The National Safe Kids Campaign estimates that every year, one in four kids ages 14 and younger will sustain an injury that requires medical attention. Forty percent of all injury-related emergency room visits and 42 percent of all injury deaths happen between May and August, they report, but it's not all bad news. We can keep kids free from about 90 percent of these accidents by educating ourselves and our kids on how to stay safe while still enjoying summer vacation.

July is Juvenile Arthritis Awareness Month.

That's right, kids get arthritis.  It is a common misconception that only 'old' people are afflicted with arthritis.  Nearly 300,000 children in American have been diagnosed with juvenile arthritis. 

The form of arthritis that these kids experience is not the same as grandma's aches and pains.  These children suffer from various autoimmune forms of arthritis.  Their body's immune system is attacking their joints, causing swelling, stiffness and permanent damage.  This condition is extremely serious; if let untreated it can result in loss of mobility, blindness and even death.  

There are several different types of Juvenile Arthritis (JA), but the Arthritis Foundation says that "Although the various types of JA share many common symptoms, like pain, joint swelling, redness and warmth, each type of JA is distinct and has its own special concerns and symptoms."

Unfortunately, there is no cure for juvenile arthritis.  But, it is important to talk to your doctor to come up with the best treatment plan to manage the condition.  Usually, your doctor will recommend taking some medication that can relieve inflammation and control pain, as well as to incorporate healthy eating and physical activity into your lifestyle.  

Sources: &

Alzheimer's and Brain Awareness Month

What is Alzheimer's?

Alzheimer's is a type of dementia that causes problems with memory, thinking and behavior.  Symptoms usually develop slowly and get worse over time, becoming severe enough to interfere with daily tasks.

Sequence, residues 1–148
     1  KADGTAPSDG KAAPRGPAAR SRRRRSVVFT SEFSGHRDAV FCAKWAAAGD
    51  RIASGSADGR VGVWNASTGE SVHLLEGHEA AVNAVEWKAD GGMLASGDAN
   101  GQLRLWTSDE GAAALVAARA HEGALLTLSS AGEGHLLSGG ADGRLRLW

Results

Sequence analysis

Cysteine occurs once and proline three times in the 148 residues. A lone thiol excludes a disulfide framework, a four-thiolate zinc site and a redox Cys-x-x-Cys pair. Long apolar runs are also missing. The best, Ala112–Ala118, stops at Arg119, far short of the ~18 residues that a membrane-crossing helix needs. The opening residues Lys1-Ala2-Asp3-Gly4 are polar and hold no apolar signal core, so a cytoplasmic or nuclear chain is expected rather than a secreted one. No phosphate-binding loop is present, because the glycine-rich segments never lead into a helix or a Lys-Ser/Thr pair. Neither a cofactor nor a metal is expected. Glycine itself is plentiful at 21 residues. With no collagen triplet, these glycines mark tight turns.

The symptoms of Alzheimer's disease worsen over time, although the rate at which the disease progresses varies.  On average, a person with Alzheimer's lives four to eight years after diagnosis, but can live as long as 20 years, depending on other factors.  

There are 10 warning signs and symptoms. Every individual may experience one or more of these signs in a different degree. If you notice any of them, please see a doctor.  

Warning signs & symptoms.  

Men's Health Week

National Men’s Health Week is observed each year leading up to Father’s Day.  This week, June 12-18, 2017 is a reminder for men to take steps to be healthier, but they don’t have to do it alone!  Whether it’s your husband, partner, dad, brother, son, or friend you can help support the health and safety of the men in your life.  To show your support, Friday, June 16, 2017 has been officially named Wear BLUE Day.  

You can also show support by setting an example with healthy choices.  

National Senior Health and Fitness Day - 5/31

Today we celebrate National Senior Health and Fitness Day. The common goal for this day:  to help keep older Americans healthy and fit.  


Is there a difference between being healthy and being fit?

Well, just because a body builder, or any athlete for that matter, looks strong, sculpted and without a trace of fat, there is no guarantee that he or she is healthy.